We’re not sure when it began, but Sam has started to say It’s okay whenever he is hesitant or scared or sad. This could be as simple as oatmeal for breakfast instead of the usual cheerios: It’s okay (not what I expected, but I like oatmeal too); or after dropping one of his Thomas trains: It’s okay (oh no, I’ll pick you up!). Wearing a particularly nasty diaper: It’s okay (can you change me?); or upon arrival at a new friend’s house: It’s okay (as long as you stay with me, mommy).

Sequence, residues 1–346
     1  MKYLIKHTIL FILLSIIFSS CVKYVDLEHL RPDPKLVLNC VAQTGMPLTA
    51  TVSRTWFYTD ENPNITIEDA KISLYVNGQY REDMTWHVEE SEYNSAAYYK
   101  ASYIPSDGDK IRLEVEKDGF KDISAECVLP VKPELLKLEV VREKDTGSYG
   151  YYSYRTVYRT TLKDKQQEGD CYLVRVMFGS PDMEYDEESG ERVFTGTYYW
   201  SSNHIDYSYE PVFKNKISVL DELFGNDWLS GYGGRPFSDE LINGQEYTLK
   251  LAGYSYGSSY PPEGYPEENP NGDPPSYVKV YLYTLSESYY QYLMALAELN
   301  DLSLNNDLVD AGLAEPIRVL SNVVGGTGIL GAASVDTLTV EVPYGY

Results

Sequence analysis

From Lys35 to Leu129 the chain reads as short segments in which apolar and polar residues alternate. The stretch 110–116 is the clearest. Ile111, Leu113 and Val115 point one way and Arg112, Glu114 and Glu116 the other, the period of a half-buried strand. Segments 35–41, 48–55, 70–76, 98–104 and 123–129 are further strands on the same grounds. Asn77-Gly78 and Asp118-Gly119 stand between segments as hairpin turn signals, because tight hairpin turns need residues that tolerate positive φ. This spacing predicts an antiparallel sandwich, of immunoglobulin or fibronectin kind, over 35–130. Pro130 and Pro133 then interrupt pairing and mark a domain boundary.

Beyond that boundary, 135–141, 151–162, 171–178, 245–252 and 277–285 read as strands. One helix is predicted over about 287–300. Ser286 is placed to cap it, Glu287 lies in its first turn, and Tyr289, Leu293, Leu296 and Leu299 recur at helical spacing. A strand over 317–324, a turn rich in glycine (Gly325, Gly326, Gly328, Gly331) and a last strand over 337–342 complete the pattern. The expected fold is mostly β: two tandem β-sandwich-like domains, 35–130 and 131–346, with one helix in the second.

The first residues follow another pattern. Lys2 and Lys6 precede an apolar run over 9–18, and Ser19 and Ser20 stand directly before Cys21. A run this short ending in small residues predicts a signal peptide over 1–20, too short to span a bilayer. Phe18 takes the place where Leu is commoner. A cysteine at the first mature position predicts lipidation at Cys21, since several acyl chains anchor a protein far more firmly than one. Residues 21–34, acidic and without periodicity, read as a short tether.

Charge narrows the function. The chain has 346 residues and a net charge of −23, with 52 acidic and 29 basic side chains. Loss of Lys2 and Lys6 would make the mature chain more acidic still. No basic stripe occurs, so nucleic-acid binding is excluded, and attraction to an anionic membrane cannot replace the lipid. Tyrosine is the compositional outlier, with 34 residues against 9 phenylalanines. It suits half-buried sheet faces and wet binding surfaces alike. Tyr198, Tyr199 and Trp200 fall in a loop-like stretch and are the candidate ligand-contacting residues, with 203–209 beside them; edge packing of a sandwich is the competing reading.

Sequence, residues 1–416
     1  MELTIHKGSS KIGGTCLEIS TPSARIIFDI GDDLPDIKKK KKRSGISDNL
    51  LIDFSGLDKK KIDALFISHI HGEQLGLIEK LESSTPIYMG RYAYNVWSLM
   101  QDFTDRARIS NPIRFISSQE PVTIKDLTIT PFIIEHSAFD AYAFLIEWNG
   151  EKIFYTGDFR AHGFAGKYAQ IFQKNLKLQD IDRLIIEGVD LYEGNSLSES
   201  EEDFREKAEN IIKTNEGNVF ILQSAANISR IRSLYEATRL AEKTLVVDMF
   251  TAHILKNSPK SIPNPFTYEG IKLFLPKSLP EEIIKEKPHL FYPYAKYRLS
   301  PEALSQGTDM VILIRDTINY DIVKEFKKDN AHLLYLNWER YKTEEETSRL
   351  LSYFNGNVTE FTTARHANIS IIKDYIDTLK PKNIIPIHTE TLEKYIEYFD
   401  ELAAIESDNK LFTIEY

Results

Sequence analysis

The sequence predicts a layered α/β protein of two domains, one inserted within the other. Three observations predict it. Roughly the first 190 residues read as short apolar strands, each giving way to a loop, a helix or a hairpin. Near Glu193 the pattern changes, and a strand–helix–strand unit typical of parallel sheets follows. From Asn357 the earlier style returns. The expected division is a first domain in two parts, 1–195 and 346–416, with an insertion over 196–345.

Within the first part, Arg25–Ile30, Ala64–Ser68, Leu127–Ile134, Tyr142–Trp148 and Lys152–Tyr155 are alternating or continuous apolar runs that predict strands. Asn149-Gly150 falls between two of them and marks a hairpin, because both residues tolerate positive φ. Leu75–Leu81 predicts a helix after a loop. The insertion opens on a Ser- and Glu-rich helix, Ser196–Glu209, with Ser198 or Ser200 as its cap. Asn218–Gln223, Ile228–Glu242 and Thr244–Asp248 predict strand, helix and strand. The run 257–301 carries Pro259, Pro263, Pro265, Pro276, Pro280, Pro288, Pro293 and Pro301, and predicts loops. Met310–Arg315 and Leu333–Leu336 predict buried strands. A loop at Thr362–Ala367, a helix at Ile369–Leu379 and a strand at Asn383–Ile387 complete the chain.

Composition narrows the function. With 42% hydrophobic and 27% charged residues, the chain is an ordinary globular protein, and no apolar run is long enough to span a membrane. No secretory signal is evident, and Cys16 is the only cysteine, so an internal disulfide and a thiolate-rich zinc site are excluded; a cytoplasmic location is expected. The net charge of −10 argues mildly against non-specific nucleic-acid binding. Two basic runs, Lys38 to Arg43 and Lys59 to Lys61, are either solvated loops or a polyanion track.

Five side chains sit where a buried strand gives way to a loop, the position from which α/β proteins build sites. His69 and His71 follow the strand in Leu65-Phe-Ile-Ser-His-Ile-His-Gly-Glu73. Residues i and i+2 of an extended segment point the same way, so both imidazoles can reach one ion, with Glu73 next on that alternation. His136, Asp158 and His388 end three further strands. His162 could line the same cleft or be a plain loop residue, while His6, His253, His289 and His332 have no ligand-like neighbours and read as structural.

I’m told that this is fairly typical, self-calming behavior. After all, how many of us say the same thing to ourselves as we go through our day, just not out loud?
It breaks my heart, though, to hear the vulnerability in his little boy voice, the sadness and fear of new things: It’s okay. I hold him tight and tell him with as much certainty I can muster Baby, it is okay. And much of the time, it is. It is okay and he’s a little braver and a little more sure of himself each time he says it. And isn’t that what it’s all about? Talking ourselves through the tough moments.
I’m a little braver too — I’ve been saying It’s okay for some time — one whole year since our diagnosis.